The lawyer of a man accused of attempting to firebomb several synagogues in New Jersey is saying that his client suffers from mental illness and was unduly influenced by video games. The 19-year-old man, Anthony M. Graziano of Lodi, N.J., pled not guilty to first-degree attempted murder, bias intimidation and aggravated arson for two attacks on synagogues in the area. Graziano was in court today seeking a reduction in his $5 million bail. Superior Court Judge Liliana DeAvila-Silebi cut the bail in half because Graziano is "destitute."
Graziano allegedly used a rigged aerosol can and a Molotov cocktail to firebomb a Rutherford synagogue on Jan. 11. One of the devices crashed through a residential window, burning a rabbi on the hand. His wife, five children, and mother- and father-in-law escaped the firebombing unscathed. Two attacks occurred in early January.
Graziano's attorney, Robert Kalisch said that his client suffered from mental health issues and spent most of his time playing violent video games on his Xbox 360. Kalisch didn't say which games Graziano played.
"This is someone who may (have been), with their own problems they have within their own head, taken over by these games that young people play now — lots of violence, lots of meanness," Kalisch told NBC station WNBC of New York.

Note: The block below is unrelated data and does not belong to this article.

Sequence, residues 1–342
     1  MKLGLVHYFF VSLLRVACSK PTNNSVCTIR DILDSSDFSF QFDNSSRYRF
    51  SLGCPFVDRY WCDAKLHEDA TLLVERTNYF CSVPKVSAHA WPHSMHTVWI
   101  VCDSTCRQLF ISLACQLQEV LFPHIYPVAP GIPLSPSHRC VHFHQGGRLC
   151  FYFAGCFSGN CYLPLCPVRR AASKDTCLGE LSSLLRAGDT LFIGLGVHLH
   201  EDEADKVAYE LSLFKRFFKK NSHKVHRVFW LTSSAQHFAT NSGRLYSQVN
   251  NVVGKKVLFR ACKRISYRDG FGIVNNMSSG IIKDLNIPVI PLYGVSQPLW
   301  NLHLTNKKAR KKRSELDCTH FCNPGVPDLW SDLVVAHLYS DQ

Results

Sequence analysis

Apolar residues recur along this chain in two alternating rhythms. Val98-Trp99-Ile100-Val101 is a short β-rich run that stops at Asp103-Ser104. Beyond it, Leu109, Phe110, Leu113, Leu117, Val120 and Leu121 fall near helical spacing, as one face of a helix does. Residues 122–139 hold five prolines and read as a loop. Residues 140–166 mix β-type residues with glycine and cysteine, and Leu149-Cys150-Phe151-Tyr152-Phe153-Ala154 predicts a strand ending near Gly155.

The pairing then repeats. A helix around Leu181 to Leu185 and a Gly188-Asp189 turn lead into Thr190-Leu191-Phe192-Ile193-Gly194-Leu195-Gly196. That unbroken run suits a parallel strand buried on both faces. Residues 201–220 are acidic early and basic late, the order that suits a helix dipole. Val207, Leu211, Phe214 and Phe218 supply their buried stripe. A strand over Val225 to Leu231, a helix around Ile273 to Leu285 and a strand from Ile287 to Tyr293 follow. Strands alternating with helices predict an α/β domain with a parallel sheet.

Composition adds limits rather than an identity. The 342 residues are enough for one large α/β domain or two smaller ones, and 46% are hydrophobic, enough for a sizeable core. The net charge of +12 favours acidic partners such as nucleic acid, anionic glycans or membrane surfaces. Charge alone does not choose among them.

Kalisch pointed to an incident in November in which Graziano called for an ambulance to come to his home because he was "feeling crazy or something." He was taken to hospital, where doctors recommended that he see a psychiatrist, according to the attorney.
"When you have emotional, psychiatric, psychological problems and you get involved in these games, the whole aura of it pervades, and it's not a game anymore. It becomes reality," Kalisch said.
"We have no doubt that the arson and the attempted murder in Rutherford were directly the result of Mr. Graziano's hatred for people of the Jewish faith," the DA’s Office said. "We believe that he did this because they were synagogues and specifically to intimidate and cause alarm or concern to people of the Jewish community."